Literature Geek designing the future of digital+social reading

Digital dssertation defended!

Just a quick post to note that I successfully defended my digital dissertation on April 14th, 2015 and completed my Literature Ph.D. Check out the finished project at! (And I'm now on the job market for alternative academic positions, so let me know if you're looking to hire someone with 8+ years of professional interface design experience on a strong research background!)

In addition to links to the Infinite Ulysses participatory digital edition and public code/design repo, the project site links out to a whitepaper covering the process and product of my project, an abstract for the whole project, a manifest listing and describing all the pieces of work that went into the project, and of course all my research blog posts during the project here on the blog.

If you haven't been following along, the dissertation is worth checking out even if you're not interested in the digital humanities, participatory interface design, or Ulysses: I use a novel approach combining design, code, user-testing, site analytics, and blogging, without the traditional 4-5 chapters of proto-monograph. Tweet @Literature_Geek if you have any questions about the process or my research.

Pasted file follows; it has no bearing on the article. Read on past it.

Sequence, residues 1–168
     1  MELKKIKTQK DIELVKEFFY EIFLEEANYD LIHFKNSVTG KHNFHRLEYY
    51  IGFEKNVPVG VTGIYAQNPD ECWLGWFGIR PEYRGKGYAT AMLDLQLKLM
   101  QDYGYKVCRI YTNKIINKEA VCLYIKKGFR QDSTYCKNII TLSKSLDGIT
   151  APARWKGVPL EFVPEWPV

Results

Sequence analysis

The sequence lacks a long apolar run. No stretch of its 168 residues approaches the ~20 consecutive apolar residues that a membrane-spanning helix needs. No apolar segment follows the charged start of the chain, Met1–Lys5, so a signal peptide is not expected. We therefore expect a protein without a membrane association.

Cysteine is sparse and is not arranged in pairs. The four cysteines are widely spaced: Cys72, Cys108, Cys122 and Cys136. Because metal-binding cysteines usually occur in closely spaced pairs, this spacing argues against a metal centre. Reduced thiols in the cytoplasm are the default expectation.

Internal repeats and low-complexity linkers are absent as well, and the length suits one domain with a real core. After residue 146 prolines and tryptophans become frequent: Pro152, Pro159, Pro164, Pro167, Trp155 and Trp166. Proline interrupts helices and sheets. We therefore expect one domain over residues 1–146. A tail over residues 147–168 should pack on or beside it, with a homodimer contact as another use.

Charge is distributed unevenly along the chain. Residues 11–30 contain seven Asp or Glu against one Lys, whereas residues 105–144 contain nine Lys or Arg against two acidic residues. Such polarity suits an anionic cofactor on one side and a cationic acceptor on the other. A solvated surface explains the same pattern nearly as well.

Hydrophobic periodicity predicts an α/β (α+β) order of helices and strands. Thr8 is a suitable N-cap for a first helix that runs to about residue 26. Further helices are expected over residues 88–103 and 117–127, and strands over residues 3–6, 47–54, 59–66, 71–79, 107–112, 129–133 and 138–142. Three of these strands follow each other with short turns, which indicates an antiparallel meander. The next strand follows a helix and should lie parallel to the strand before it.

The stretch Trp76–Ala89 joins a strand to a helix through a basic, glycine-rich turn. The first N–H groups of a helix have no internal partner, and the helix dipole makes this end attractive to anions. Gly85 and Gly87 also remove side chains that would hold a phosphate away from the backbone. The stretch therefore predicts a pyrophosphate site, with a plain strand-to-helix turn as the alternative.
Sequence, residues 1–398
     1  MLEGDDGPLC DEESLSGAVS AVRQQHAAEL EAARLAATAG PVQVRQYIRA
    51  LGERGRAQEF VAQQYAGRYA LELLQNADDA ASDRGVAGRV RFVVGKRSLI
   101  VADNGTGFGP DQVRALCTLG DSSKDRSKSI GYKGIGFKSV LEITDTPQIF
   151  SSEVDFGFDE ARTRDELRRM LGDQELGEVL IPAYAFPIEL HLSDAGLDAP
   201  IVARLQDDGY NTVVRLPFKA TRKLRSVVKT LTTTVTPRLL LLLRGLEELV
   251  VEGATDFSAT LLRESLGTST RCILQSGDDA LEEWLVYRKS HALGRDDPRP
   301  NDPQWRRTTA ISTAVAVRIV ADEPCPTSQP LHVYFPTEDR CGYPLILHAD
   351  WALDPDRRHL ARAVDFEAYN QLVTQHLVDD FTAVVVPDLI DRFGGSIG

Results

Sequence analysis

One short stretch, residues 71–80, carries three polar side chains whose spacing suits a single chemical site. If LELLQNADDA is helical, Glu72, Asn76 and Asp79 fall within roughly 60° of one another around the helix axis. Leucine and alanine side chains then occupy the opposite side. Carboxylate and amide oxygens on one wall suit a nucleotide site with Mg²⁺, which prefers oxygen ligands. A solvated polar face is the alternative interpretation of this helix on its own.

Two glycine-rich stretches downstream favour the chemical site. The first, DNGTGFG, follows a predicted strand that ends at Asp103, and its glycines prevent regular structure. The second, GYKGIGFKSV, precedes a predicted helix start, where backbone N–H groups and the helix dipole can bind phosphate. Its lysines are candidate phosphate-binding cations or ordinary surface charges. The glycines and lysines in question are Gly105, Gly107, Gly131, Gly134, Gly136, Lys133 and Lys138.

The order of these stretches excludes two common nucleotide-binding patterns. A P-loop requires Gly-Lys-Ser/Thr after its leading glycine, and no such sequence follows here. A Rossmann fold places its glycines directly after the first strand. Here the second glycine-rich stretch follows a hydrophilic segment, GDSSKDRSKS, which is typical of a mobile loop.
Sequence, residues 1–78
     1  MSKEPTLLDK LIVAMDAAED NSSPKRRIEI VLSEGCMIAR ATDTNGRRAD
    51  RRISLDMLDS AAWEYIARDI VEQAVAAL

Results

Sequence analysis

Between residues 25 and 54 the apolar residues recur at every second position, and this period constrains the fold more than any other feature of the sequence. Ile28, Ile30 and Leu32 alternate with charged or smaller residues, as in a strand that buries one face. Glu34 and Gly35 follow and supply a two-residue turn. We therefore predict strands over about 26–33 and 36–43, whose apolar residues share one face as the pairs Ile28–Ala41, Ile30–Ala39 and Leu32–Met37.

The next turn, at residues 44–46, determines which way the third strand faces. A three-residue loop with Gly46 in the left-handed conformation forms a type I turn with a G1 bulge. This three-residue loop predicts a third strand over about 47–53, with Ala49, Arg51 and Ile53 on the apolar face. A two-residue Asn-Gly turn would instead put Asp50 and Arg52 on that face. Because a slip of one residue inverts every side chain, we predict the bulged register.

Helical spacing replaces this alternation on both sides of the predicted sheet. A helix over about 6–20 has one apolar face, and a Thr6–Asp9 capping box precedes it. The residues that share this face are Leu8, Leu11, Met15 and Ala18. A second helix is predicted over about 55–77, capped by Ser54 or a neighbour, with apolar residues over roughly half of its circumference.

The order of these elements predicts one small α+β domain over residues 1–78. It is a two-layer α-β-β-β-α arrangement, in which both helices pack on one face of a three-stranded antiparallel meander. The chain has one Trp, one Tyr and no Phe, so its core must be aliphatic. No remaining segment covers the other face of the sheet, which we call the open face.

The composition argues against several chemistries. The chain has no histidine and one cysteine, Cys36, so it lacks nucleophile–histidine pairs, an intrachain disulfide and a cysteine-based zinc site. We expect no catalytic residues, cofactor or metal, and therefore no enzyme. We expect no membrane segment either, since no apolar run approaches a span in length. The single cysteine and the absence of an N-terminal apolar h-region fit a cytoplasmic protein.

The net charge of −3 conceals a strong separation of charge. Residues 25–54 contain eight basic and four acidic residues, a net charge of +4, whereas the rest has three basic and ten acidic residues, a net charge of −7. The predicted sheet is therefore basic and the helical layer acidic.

Huge thanks are due to my dissertation committee — Drs. Matthew Kirschenbaum (chair), Neil Fraistat, Melanie Kill, Kari Kraus (also Dean's Representative), and Brian Richardson — for their intellectual and personal generosity. In particular, their willingness to learn about, support, and refine my project's unique format and methodology; meeting with me as a team and always being available for discussion throughout the course of the project; and thoughtful evaluation of unusual deliverables for a literature dissertation.

I'm also grateful to the University of Maryland English Department, UMD Graduate School and Dean Charles Caramello, and the UMD Libraries Digital Repository for their support of my unique format and methodology, as well as the Maryland Institute for Technology in the Humanities (MITH) and its stellar staff for introducing me to the digital humanities; intellectual stimulation, community, and funding; and mentorship in diverse digital skills and staff roles.